Beyond the visible, we are all at our own intersections; it is more than any one identity, more than one social category. As such, when an individual makes known his or her ethnicity, he or she has the additive of, but not limited to, race, age, disability status and sexual orientation for consideration. Interestingly, to sit at the intersection of multiple identities can conjure a world tethered to disadvantage and discrimination. Equally, it can present opportunities for progress and pride to be birthed in relation to it. This multi-faceted lens weighs in on the concept of diversity and inclusion which, consequently, creates a gateway to the epicentre of important discussions such as the issues within the LGBTQ+ community.  

There are many issues affecting the LGBTQ+ community and intersectionality is a useful lens through with these can be understood. It not only allows us to look at how identities intersect but also, it introduces how they relate to the systems and their structures. 

“… Many of our social justice problems… are often overlapping, creating multiple levels of social injustice. Without frames that allow us to see how social problems impact all the members of a targeted group, many will fall through the cracks of our movements, left to suffer in virtual isolation.” – Crenshaw  

This particular statement by Kimberlé Crenshaw sought to rationalise the introduction of the term intersectionality. In other words, this term calls on people’s experiences and the importance of disregarding the practice of generalisation. Hence, it is pinned to providing equal volume as well as attention to every voice. 

Even the most well-intentioned policies on diversity and inclusion for LGBTQ+ can fail if they do not consider intersectionality. This occurs because the approaches tend to focus on one type of discrimination at a time, however, people are not one-dimensional. Take for example, if you are a black transgender woman with a disability, you do not exist in the world as those things separately. As such, it is important to underscore that an individual is a melting pot of identities, and the inclusivity approach for LGBTQ+ individuals will need to push beyond a single social category and require the consideration of several identities at once.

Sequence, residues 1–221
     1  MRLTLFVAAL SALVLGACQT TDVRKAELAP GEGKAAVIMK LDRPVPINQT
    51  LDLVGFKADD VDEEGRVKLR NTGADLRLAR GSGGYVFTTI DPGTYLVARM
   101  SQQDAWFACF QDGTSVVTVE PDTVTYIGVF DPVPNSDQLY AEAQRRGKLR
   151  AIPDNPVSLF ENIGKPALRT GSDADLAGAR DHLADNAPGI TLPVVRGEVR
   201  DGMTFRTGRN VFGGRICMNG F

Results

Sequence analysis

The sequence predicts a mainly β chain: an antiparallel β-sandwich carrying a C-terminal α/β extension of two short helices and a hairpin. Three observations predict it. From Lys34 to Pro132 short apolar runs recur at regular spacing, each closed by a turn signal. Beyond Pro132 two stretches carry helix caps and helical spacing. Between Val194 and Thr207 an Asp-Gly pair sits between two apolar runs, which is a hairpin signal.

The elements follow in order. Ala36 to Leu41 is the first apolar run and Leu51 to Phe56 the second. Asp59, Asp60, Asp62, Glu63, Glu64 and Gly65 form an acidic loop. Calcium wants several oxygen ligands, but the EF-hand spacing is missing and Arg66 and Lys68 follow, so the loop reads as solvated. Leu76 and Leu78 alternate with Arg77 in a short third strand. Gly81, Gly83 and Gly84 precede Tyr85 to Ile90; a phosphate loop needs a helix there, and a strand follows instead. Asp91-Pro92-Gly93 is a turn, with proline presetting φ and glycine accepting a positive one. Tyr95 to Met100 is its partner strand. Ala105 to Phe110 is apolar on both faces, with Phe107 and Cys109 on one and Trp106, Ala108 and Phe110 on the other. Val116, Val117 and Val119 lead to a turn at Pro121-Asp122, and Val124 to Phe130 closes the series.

There are multitude of ways in which LGBTQ+ individuals with intersecting and marginalised identities experience disadvantage and systemic discrimination. Undoubtedly, ethnic minority LGBTQ+ individuals experience discrimination differently that white LGBTQ+ people. This same case applies to those, who have a disability, or those in specific age groups.  

One of the most salient issues that LGBTQ+ individuals with multiple intersecting marginalised identities experience, is the discrimination in LGBTQ+ spaces. According to Stonewall research, 51 per cent of BAME LGBT people reported having experienced racism in the LGBT community. This number rose to 61 per cent for black LGBT people. BAME LGBT often feel excluded from LGBT specific spaces, and racist language and behaviour that they often face leaves already marginalised members of the LGBT community feeling shut out and isolated5. The discrimination in LGBTQ+ spaces experienced by people with disabilities is also striking. Many venues are inaccessible due to environmental, social or attitudinal barriers. Given that LGBTQ+ Disabled people experience much higher rates of hate crime than other LGBTQ+ and Disabled people, and generally are the most disadvantaged of all Disabled and LGBTQ+ people, the discrimination in LGBT community can further exacerbate their situation and feelings of isolation6.